Two Duke seedlings that were under unheated fleece look to be dead above ground, or at least nearly so, time will tell if a bit of the main trunks make it but they show clear stem discoloration that usually means death of that branch:

This Aravaipa seedling had a bit of the main trunk survive last winter, and it may pull off the same trick this year even though it was not even under fleece, just a plastic stool with a kitchen trash bag pulled over it:

The graft of Ganter looks entirely dead, above the graft at least. It was covered with an old litter box, unheated and drafty:

The clump that huddled near the west wall of my house under loose-fitting/drafty fleece looks better than some of the others, but still likely lots of death to be revealed in coming days/weeks as the trees abort damaged leaves and branches. The one right against the concrete wall might be OK, and the Mexicola Grande seedling in the ground in their midst may have some stem and leaves even that are relatively undamaged:

The probe showed the middle of those pots was about +5°F compared to outside, so still pretty cold!

A Mexicola seedling that died above ground last winter unprotected looks very dead, but maybe the roots will be OK again. It got a stool and trash bag just like the Aravaipa seedling shown earlier, and did not fair as well:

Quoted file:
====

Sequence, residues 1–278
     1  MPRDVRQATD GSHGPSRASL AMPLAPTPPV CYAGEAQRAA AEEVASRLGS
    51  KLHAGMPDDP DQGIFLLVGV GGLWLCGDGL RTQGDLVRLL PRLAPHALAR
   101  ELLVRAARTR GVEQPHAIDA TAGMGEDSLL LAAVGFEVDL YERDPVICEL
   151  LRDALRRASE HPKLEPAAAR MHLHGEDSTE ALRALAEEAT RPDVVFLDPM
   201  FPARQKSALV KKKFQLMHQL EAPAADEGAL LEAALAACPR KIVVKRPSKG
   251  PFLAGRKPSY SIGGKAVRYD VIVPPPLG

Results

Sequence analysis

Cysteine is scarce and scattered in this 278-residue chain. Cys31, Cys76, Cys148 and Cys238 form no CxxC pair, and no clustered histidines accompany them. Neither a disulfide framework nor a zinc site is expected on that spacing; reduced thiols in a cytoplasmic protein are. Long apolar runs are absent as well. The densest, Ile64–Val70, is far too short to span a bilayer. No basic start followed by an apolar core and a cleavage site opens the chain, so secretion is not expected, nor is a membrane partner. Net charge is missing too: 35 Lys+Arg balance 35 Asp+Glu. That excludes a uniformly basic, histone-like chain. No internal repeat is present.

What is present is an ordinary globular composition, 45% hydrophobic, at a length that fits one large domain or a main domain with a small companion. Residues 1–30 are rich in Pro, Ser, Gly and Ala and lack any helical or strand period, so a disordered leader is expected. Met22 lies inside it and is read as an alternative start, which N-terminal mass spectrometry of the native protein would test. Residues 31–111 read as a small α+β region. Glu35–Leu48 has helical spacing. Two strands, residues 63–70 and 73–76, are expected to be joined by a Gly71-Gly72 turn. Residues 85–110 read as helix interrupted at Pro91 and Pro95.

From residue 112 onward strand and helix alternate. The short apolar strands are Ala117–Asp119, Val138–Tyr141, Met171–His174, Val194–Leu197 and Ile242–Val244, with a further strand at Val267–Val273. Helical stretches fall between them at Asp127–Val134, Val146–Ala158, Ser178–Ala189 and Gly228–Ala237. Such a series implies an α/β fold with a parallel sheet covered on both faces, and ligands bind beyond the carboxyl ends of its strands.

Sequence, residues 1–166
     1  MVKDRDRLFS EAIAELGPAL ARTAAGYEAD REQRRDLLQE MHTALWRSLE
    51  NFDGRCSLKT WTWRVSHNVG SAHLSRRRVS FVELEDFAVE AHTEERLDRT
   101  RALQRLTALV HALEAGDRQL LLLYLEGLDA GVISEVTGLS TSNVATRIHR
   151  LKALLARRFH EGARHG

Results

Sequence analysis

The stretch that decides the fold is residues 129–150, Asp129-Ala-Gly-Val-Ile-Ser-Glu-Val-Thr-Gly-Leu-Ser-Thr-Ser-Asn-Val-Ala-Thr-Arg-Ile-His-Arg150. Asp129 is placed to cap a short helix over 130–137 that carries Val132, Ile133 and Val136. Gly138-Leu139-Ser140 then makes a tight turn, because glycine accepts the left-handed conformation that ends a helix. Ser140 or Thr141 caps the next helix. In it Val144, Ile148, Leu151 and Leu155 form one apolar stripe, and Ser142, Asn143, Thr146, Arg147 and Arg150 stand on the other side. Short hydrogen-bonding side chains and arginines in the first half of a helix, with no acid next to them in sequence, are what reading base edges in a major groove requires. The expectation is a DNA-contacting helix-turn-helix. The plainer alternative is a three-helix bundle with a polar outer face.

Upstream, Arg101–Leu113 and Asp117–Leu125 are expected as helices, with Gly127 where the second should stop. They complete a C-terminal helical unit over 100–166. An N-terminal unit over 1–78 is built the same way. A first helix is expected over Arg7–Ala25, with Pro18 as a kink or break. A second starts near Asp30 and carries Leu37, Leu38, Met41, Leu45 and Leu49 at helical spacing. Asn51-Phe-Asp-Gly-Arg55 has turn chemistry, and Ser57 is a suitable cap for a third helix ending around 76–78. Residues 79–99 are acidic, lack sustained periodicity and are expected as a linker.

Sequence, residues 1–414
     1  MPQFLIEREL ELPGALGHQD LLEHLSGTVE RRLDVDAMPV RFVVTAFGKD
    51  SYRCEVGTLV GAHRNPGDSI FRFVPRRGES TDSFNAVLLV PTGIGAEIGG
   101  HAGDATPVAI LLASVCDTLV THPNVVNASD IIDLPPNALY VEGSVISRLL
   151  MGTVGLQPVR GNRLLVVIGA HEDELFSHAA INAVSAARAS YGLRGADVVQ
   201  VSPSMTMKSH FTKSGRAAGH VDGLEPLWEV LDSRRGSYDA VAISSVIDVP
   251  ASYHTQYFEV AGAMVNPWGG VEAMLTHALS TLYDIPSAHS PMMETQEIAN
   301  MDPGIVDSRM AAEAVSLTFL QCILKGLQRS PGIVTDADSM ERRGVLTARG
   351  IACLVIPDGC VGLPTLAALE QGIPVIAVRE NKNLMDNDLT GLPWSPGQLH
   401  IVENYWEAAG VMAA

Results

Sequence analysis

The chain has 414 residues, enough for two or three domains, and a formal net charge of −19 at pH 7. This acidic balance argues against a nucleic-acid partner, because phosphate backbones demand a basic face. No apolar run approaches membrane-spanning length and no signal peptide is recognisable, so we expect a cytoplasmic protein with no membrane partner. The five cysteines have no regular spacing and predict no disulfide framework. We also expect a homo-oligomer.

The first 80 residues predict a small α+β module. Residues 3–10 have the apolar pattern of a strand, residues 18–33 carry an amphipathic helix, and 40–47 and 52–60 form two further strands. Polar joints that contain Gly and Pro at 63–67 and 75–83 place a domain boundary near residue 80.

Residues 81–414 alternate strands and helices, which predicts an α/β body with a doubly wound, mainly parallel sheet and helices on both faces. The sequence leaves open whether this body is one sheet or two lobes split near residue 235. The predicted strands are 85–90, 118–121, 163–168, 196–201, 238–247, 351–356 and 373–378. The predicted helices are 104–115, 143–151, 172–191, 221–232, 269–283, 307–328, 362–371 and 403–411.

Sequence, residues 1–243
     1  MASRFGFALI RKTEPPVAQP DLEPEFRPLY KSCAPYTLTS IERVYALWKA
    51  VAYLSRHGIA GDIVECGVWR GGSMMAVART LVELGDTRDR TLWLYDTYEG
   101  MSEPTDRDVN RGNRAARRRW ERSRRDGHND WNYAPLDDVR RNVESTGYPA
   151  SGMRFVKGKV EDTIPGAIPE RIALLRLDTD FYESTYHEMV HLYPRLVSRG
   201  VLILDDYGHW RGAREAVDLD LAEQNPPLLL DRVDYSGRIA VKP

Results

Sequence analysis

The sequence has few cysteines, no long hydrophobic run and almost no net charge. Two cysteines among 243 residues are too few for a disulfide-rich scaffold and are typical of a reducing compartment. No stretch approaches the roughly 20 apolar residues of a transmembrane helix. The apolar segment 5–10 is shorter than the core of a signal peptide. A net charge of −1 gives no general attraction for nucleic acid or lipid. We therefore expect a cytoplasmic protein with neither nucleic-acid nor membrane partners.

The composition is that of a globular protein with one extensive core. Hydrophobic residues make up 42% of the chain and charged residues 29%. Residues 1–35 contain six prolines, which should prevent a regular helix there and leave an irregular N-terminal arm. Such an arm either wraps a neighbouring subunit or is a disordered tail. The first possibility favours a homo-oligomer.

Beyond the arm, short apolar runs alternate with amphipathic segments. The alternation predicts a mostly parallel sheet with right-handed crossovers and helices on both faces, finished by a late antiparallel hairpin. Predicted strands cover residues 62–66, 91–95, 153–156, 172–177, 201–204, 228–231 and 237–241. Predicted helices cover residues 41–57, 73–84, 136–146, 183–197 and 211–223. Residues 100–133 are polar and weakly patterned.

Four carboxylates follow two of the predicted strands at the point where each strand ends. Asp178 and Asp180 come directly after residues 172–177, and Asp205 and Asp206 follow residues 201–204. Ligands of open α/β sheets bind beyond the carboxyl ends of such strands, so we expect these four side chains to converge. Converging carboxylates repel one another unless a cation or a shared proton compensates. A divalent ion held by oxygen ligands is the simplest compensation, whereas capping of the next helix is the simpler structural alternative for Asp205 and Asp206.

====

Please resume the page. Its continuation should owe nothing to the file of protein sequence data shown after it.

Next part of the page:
And finally, one possible surprise, a first-year Del Rio seedling that had only an unheated plastic 5-gal bucket over it looks like some of the stem might make it and perhaps even a few lower leaves. But it might just show more serious injury on a delay:


I got impatient waiting for the mound of wood chips to defrost around the polycarbonate box, so I got some tools and chipped it away. Pretty solid ice, but only the first 3-4 inches, below that it was unfrozen, which is a good sign for this tree’s roots.

The leaves look pretty dead, as do many of the thinnest stems, but also a few leaves look less dead (only “mostly dead” :wink:), and some stems look only mildly damaged, too. The low in the box was 19.0°F, with many, many hours below freezing. Here’s the chart for the inside temperatures in the box since Friday:

I’ve cracked it open for ventilation, but will probably leave the box up until the end of winter, to save myself the hassle of reassembling it if we get another bad freeze.

In other more cheerful news, the greenhouse trees all seem to be loaded with swelling flower buds.

Walter Hole:


Both grafts of Duke are a little further behind but with almost 3x the total biomass of any other grafted variety, it’s the one most likely to actually set fruit this year:


Went ahead and removed the polycarbonate box, but I’ll keep it assembled in a corner of the yard for now. I think it is 50/50 whether the branches mostly recover or whether the tree aborts the whole trunk and focuses growth on the undamaged secondary shoot at the base. There’s lots of damage to the cambium but there may be enough of a patchwork of living tissue to stitch it all back together.


My 11 year-old, walking past that tree after school today:
“That tree doesn’t look so great. I don’t think your box worked.”

“It probably would look even worse if I hadn’t done that.”

“I don’t see how it could look much worse than that.”